In case you missed it, a couple of weeks ago three Republican congressmen representing America’s pro-life (anti-abortion) camp paid Israel a visit.
Cong. Chris Smith (R-NJ-Dist. 4), leader of the Pro-life Caucus in the House of Representatives, led the group that met with Shas Party officials, Ashkenazi Chief Rabbi Yona Metzger, and others in order to bolster Israeli legislative efforts in the battle against abortion.
The U.S. lawmakers expressed concern over Israel’s declining birth rate when compared to the growing birth rate among Palestinians. They also discussed the possibility of holding a conference in Washington that would host rabbis, academics, and Israeli members of the Knesset from the anti-abortion lobby. Shas MK Chaim Amsellem announced plans to establish a parliamentary lobby against abortions that would work closely with Smith’s.
As a Torah-observant woman I wouldn’t touch America’s pro-life or pro-choice camp with a 10-foot forceps, as neither position represents the complex and compassionate Jewish approach to the issue. Jewish law does not sanction a total ban on abortion, nor has it ever endorsed abortion on demand.
Importing the great American abortion conflagration does not seem to be something Israel needs right now (or ever). Our collective soul has been sufficiently rent over endless national concerns, and lumping U.S. partisan politics and social mores together with Israeli demographic concerns, and dumping them atop a complex medical ethics and halachic issue, would only serve to obscure rather than clarify, to exploit rather than humanize.
Though I personally would like to see more stringent abortion guidelines in Israel, I would hate to think that any distressed Jewish woman facing an abortion-review committee would have cause to feel that made-in-the USA Judeo-Christian trends or Israeli-contrived doomsday demographic forecasts would have a bearing on any decision determining the future of the life that she is bearing.
It is an enormous tragedy that any women in the Jewish state would feel compelled to consider abortion due to a lack of social or economic support. Thank God there are organizations such as EFRAT that manage to step in, assist, and succeed in a significant number of these situations.
Indeed, officials from EFRAT also met with the congressmen. But I wonder if the rabbis, parliamentarians, and organizational heads in attendance were familiar with the positions held by the pro-life congressmen or were they simply wowed by the charm of their guests and the heaps of praise they were receiving.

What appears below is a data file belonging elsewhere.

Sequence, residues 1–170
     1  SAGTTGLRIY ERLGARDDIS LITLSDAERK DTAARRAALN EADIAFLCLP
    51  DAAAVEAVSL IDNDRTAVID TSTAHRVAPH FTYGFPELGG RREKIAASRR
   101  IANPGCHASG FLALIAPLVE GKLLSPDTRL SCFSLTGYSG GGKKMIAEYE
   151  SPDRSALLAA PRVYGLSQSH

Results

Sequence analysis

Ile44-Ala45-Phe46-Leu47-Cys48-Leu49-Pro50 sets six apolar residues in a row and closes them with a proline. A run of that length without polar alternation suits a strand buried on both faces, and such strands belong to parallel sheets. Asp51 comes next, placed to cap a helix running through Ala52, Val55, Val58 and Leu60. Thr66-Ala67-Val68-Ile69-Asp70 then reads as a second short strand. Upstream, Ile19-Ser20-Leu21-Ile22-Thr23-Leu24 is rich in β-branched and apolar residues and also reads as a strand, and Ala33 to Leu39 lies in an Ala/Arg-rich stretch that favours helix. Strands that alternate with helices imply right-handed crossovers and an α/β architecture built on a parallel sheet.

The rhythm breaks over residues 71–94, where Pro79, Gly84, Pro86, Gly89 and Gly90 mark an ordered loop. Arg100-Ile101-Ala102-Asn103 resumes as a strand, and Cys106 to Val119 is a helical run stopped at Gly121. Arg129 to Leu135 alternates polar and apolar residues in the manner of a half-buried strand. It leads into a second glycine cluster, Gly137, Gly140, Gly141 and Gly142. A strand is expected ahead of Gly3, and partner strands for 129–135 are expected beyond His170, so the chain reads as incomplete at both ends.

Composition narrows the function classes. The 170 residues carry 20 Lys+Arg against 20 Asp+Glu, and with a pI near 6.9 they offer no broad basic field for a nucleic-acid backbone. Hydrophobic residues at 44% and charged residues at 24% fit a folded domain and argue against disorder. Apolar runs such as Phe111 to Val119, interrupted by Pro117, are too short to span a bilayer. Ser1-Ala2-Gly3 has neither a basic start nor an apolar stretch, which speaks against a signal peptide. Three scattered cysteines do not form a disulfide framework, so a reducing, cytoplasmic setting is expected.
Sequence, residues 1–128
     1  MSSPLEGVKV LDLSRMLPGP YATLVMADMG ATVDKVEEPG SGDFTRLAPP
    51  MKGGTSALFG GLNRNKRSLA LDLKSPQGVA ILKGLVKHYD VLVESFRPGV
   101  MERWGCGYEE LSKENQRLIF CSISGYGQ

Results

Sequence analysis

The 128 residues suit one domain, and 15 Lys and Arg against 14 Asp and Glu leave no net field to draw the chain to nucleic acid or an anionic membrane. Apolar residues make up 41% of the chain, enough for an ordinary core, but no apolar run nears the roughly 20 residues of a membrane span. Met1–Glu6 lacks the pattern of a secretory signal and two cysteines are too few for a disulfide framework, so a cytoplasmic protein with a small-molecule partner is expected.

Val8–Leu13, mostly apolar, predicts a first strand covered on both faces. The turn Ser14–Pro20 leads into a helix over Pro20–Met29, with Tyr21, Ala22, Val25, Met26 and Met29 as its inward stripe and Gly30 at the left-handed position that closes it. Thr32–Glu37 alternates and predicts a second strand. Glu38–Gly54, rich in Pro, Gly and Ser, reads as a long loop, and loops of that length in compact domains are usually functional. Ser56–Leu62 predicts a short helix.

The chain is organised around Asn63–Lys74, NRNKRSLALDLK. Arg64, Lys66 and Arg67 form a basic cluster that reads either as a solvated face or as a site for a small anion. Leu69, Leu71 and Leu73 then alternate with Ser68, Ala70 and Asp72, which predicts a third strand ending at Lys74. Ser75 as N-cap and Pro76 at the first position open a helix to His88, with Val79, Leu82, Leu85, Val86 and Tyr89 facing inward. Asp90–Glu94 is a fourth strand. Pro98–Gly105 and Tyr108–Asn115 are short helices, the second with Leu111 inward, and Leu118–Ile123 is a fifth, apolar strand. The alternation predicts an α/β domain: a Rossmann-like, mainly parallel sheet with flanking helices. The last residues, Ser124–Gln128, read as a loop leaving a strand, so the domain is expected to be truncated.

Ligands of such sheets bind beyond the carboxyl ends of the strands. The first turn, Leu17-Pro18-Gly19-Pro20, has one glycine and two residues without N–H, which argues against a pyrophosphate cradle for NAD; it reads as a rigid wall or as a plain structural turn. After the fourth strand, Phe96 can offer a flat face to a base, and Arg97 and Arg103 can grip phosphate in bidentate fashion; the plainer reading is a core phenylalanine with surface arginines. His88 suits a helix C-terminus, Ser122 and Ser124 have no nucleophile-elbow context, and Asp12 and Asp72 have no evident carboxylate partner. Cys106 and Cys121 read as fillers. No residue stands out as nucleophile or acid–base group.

Before agreeing to cooperate with or solicit the services of Republican pro-lifers, it would be wise to examine agendas and intentions.
Chris Smith has declared that "human life begins at the moment of fertilization." He likens abortions to a "holocaust" and deems it an "indisputable fact that abortion is violence against children…." With regard to stem-cell surgery, Smith considers it experimentation "with cells obtained from human beings ruthlessly killed in the first weeks of life…."
That’s pretty brutal, and a far cry from most Jewishly-held positions on the subjects.
Did the chief rabbinate have an inkling of the way in which Christian pro-lifers would spin and simplify halachic discussion?
Jill Stanek, a prominent pro-life spokesperson and columnist for World Net Daily, picked up on a rabbinic opinion that was published on Ynet that "abortions [for other than life or health endangerment] are a grave sin which may even delay the coming of the messiah."
On her ProLife Pulse blog she comments, "I’m surprised they [these rabbis] didn’t worry the messiah might be aborted. Perhaps that isn’t possible according to Jewish theology."
Along those same lines, Lifenews.com reminds its readers that Jews do not believe the messiah is Jesus Christ, and its report suggests that the congressional group met with members of the Knesset to help promote pro-life laws that could reduce or "eliminate abortions" (pretty much an impossibility according to halacha).
ProlifeAmerica.com continued to build on the messiah theme, and told its readership that "[a]lthough sacred Jewish texts and traditions oppose abortion, most American Jewish groups have long supported the practice and pro-abortion lawmakers." They then proceeded to finger the American Jewish Committee, Anti-Defamation League, Hadassah, and the National Council of Jewish Women.
It is no coincidence that the congressional threesome of Chris Smith, Joseph Pitts (R-Pa.-Dist 16), and Frank Wolf (R-Va.-Dist. 10) have been in the forefront of a crusade to promote religious freedom. Nothing wrong with that, except that we are talking about legislation custom-designed to protect and encourage Christian missionary activities. The 1998 International Religious Freedoms Act made religion an integral part of U.S. foreign policy and helped to squash proposed Israeli anti-missionary legislation (which, ironically, had been jointly proposed by Shas and Labor MKs).
This Jewish mother wishes she could conjure up a "morning-after pill" that would compel my coreligionists into taking a hard look at the consequences of our relationship with the Christian Right.
Meanwhile, it is essential that everyone understand that Israel is a unique nation, with uncommon obligations, and that the Jewish people are certainly entitled to ensure religious continuity, seek moral clarity, and formulate legislative solutions for our own people in our own way.
Ellen Horowitz and her family live on the Golan Heights. She is the author of "The Oslo Years: A Mother’s Journal" and is working on a book that takes a critical look at the Israel-Evangelical relationship. A version of this piece appeared in the Jerusalem Post.